Before the cranberries go out of season, I thought I would share one of the best sides for Fall/Winter. Crapple. For those of you who didn’t go to Camp Stone, Crapple is another name for Cranberry Apple Crunch. I don’t know who made up the name [if you do, comment below and I will gladly insert their name here] but needless to say, it’s brilliant.
Camp Stone (shout-out to Mitbach ’07) is actually where I was first introduced to the whole idea of cranberry apple crunch. Coming from a Moroccan kitchen, where this recipe is definitely considered to be a dessert, I didn’t even know where to begin. When the head of the kitchen asked me to make 12 large pans of crapple and handed me a list of ingredients, I simply mixed all the ingredients together and threw them in the pan. Once everyone was done laughing at me, I quickly learned how to make and love this dish.
Since my Camp Stone days, I have been introduced to my mother-in-law’s crapple (or Cranberry Nut Crunch) and happen to enjoy it even more. Every once in a while, though, I crave the original recipe I was introduced to – So here are both…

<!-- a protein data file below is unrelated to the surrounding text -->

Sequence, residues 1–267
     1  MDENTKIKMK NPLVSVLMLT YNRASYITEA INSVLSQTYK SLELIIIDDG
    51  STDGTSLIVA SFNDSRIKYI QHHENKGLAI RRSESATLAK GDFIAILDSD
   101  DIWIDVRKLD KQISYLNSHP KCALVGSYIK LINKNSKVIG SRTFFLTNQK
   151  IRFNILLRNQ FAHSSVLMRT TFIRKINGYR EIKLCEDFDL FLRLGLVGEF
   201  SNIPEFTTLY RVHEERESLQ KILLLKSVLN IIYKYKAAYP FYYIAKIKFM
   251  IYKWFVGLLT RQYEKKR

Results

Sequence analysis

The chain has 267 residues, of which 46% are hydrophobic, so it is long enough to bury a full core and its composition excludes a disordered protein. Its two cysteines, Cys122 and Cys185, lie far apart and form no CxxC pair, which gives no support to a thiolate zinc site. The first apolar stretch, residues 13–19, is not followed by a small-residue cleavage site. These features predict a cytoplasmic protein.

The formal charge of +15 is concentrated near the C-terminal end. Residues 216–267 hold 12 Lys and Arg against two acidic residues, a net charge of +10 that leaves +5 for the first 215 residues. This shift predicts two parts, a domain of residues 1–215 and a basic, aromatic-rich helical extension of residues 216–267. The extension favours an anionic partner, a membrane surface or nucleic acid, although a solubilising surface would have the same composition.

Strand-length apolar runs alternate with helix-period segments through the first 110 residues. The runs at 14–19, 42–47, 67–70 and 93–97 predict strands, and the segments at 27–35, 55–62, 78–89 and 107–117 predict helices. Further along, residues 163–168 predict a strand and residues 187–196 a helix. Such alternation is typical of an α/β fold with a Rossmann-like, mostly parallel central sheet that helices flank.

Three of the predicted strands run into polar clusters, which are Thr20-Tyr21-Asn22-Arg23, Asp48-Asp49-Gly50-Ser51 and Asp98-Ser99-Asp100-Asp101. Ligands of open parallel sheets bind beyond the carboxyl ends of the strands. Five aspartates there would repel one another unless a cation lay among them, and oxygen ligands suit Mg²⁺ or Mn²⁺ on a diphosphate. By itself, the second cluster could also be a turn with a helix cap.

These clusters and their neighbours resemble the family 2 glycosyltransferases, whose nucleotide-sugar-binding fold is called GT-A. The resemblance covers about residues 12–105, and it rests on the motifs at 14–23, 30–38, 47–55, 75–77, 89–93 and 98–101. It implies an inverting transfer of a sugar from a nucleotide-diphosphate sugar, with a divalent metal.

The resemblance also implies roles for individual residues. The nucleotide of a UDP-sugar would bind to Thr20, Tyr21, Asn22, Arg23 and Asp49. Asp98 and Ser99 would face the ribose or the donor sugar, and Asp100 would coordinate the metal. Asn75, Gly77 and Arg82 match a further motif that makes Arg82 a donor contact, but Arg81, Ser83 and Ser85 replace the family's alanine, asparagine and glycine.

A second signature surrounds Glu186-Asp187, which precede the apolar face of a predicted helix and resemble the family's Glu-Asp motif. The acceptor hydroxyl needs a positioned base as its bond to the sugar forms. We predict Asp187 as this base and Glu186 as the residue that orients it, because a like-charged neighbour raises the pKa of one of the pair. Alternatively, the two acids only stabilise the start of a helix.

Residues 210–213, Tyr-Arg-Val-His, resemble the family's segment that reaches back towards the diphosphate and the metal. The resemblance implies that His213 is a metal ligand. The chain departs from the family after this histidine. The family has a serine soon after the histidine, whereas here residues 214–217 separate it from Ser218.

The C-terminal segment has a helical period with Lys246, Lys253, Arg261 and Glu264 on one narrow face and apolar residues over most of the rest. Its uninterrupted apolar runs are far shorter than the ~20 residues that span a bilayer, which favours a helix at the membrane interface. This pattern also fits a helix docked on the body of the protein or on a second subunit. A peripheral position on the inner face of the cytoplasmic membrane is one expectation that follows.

Kim’s Cranberry Nut Crunch
- 3 Cups of chopped granny smith apples with peel
- 2 Cups of whole, raw cranberries
- 1/4 Cup of sugar
- 1 1/3 Cup of oatmeal
- 1 Cup of chopped pecans
- 3/4 Cup of sugar
- 1 Stick of melted margarine
- Set the oven to 350°, and grease a 8×8 pyrex.
- In a large bowl, mix the first three ingredients and pour into the prepared dish.
- Mix the topping ingredients and pour over the cran-apple mixture.
- Bake for 1.25 hours, or until it bubbles and the top is getting hard.
For the Camp Stone version:
Do the same to the apples and cranberries (but peel the apples), and if you don’t have fresh cranberries, take out the sugar and spread a can of whole berry cranberry sauce on top of the apples.
- 3/4 Cup of flour
- 3/4 Cup of oatmeal
- 2/3 Cup of light brown sugar
- 3/4 tsp cinnamon
- 3/4 – 1 Stick of cold margarine
Mix the first four ingredients, add 3/4 stick of cold margarine and mix with fingers until crumbly – add more margarine if it’s too dry.